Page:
A signal in a Simulink® model has properties (or attributes) such as data type, dimensions, and numeric complexity. When a signal represents a recurring type of value, such as a wind velocity, tire pressure, or water temperature, you can define the signal properties once and reuse that specification for each signal that represents the same value type.
Simulink.ValueType object specifies a fundamental set of signal properties for a
The property specifications for a value type are relevant wherever the type of value
appears in a model.
ValueType objects do not include instance-specific
properties, such as initial values or sample times.
You can specify signal properties individually or with a predefined set of property specifications. Depending on your modeling requirement, the way you define a set of signal properties differs.
|Modeling Requirement||Source of Property Specifications|
|Assign or validate the properties of signals based on a set of properties that is fundamental to the application-specific value type of the signal, such as wind velocity.||Use a |
|Assign or validate the properties of a signal based on a set of instance-specific properties, including the initial value and sample time.||Use a |
|Assign or validate the properties of a signal that is an element of a bus.||Use a |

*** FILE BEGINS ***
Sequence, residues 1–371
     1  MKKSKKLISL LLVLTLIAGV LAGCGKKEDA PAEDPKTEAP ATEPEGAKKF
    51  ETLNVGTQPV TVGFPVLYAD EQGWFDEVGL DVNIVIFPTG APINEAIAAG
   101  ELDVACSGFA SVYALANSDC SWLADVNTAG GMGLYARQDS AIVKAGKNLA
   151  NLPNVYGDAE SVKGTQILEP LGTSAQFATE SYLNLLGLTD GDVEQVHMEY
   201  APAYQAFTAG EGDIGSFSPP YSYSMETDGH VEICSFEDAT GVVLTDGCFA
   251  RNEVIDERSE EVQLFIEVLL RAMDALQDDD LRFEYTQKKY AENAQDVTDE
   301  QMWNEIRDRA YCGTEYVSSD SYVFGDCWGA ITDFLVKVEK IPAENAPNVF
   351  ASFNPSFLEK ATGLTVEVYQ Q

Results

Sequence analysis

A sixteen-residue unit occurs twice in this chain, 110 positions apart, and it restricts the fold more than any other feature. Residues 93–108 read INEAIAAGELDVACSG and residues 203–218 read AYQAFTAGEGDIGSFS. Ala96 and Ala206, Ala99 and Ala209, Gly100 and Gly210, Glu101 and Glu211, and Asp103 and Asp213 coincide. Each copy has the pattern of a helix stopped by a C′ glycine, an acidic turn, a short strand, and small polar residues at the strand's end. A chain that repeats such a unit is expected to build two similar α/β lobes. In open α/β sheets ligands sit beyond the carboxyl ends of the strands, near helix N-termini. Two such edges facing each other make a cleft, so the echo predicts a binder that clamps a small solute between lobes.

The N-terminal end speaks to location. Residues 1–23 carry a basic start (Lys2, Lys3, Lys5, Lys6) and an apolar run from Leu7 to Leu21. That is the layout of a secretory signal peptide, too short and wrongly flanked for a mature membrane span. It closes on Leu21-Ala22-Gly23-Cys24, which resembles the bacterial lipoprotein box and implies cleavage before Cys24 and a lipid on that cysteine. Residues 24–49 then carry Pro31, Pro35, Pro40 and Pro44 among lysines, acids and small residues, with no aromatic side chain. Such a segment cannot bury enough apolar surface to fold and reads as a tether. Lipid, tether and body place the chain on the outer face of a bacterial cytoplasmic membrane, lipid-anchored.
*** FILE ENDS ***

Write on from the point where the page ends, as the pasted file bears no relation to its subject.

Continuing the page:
ValueType object can define the properties of a signal at an
interface. When the ports of model components directly connect to each other, specify the
ValueType object for the blocks that represent those ports. If you
ValueType objects that have the same properties but
different names, you receive an error. By specifying the same value type at both sides of
the interface, you enforce consistency at the interface between the two components. For more
information about interface design, see Define Interfaces of Model Components.
ValueType object propagates through the model until it reaches a
block that produces new data as output. For example, the object passes through In Bus
Element and Out Bus Element blocks, but it does not pass through
Sum or Gain blocks.
Information overlays display the properties specified by the
object. Information overlays do not specify the
ValueType object itself.
Suppose your value type has units. To see the units, in the Simulink Toolstrip, on the Debug tab, select Information Overlays > Units. The units specified by the
ValueType object appear on the
ValueType objects do not appear in the generated code. The signal
properties that the